Though parts of it are seldom paddled, the Upper Cossatot actually begins just southeast of Mena, in Polk County, where it flows down out of the Ouachita Mountains in the southern Arkansas Ozarks. The 'Tot flows about 26 miles from its headwaters down to Gillham Lake in northern Howard County, through the Ouachita National Forest, then from below Gillham Lake on down to the confluence of the Little River in Sevier County near the Texas-Oklahoma-Arkansas border. The uppermost part of this section is usually off-limits to paddlers because of insufficient water levels and flow rates, but whenever the river is up the 3 miles from lower Forest Road 31 to Arkansas SH 246 is a Class II-III whitewater run of great fun. The scenery is awesome, and the area is frequented by hikers, photographers, backpackers, bird watchers and other nature lovers who, unlike the paddlers who go to run the Class III-V whitewater downriver, do NOT have a death wish.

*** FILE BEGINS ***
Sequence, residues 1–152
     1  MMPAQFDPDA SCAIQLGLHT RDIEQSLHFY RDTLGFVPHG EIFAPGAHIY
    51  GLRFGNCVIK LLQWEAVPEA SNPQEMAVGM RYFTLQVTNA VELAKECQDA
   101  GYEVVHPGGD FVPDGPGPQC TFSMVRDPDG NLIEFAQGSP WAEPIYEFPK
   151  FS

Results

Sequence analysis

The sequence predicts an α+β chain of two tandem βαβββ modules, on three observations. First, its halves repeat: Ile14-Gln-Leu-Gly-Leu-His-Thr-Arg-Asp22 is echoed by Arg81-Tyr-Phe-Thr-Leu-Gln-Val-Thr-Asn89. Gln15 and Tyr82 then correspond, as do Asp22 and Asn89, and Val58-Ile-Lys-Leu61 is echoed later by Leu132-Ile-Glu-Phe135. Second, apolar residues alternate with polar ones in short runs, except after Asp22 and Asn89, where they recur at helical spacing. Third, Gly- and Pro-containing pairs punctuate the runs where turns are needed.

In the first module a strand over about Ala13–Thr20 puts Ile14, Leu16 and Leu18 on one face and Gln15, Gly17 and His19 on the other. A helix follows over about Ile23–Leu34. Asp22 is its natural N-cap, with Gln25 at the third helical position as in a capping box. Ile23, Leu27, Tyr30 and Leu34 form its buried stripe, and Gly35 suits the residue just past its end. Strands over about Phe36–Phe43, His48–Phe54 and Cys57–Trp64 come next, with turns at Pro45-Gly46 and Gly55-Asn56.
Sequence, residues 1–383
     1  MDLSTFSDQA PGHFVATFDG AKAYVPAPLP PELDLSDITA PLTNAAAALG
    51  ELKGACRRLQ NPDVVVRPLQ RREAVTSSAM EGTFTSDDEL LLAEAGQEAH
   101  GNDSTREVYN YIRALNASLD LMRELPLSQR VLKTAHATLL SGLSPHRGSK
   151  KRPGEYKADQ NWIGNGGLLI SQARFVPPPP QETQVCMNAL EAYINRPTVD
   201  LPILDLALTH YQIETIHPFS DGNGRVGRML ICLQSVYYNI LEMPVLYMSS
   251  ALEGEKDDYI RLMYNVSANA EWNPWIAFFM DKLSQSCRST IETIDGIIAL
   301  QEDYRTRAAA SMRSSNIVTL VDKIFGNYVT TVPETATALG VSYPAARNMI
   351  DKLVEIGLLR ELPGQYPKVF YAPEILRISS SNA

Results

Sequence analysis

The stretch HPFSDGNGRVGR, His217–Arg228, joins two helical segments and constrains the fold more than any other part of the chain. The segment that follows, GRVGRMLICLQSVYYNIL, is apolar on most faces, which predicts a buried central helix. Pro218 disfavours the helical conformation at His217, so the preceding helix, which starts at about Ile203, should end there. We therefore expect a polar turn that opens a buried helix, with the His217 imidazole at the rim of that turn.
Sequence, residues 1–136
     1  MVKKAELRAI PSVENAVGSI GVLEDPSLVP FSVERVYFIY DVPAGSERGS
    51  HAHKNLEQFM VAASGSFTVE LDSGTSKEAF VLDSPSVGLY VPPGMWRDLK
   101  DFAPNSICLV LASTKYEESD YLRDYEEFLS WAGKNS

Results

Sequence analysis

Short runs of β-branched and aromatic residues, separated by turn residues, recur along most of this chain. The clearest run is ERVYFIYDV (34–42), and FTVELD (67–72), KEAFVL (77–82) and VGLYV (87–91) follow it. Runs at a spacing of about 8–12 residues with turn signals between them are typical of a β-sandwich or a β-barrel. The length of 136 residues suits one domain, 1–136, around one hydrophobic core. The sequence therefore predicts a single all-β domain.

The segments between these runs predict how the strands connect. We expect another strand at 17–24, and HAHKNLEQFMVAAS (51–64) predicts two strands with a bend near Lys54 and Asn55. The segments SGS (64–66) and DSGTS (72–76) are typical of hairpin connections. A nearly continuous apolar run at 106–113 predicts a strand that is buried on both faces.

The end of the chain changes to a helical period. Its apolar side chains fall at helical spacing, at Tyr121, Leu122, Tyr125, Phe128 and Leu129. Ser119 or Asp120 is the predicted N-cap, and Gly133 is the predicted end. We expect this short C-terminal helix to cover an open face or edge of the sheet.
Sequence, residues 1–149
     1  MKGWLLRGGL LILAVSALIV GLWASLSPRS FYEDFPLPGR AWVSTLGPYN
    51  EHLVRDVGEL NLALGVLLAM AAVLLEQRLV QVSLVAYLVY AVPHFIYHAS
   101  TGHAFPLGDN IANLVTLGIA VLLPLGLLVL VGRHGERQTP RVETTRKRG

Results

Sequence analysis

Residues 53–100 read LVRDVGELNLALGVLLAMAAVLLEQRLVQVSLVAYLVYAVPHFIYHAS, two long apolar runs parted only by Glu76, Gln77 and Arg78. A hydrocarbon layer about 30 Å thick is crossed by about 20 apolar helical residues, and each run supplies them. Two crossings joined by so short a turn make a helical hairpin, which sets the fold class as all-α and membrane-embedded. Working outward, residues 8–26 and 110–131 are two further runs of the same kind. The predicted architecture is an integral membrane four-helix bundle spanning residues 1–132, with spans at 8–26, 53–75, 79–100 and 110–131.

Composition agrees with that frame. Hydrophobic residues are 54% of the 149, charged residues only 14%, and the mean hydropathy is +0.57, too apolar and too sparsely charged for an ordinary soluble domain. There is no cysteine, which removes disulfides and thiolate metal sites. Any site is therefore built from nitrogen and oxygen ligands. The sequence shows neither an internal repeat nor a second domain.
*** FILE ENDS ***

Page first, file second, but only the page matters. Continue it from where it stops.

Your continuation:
Below SH 246, down to the Ed Banks Road low-water bridge, is another 3 miles of Class II-III whitewater in a fast current. This section is a warmup for the terror that awaits paddlers below Ed Banks Road (FR 52000). Many paddlers spend a weekend running this section again and again before heading home with bodies and boats still intact. It has been said that, if you have ANY trouble running this section, then do NOT attempt a run below Ed Banks Road, and that most especially applies to the section below FR 52600, where Cossatot Falls is located.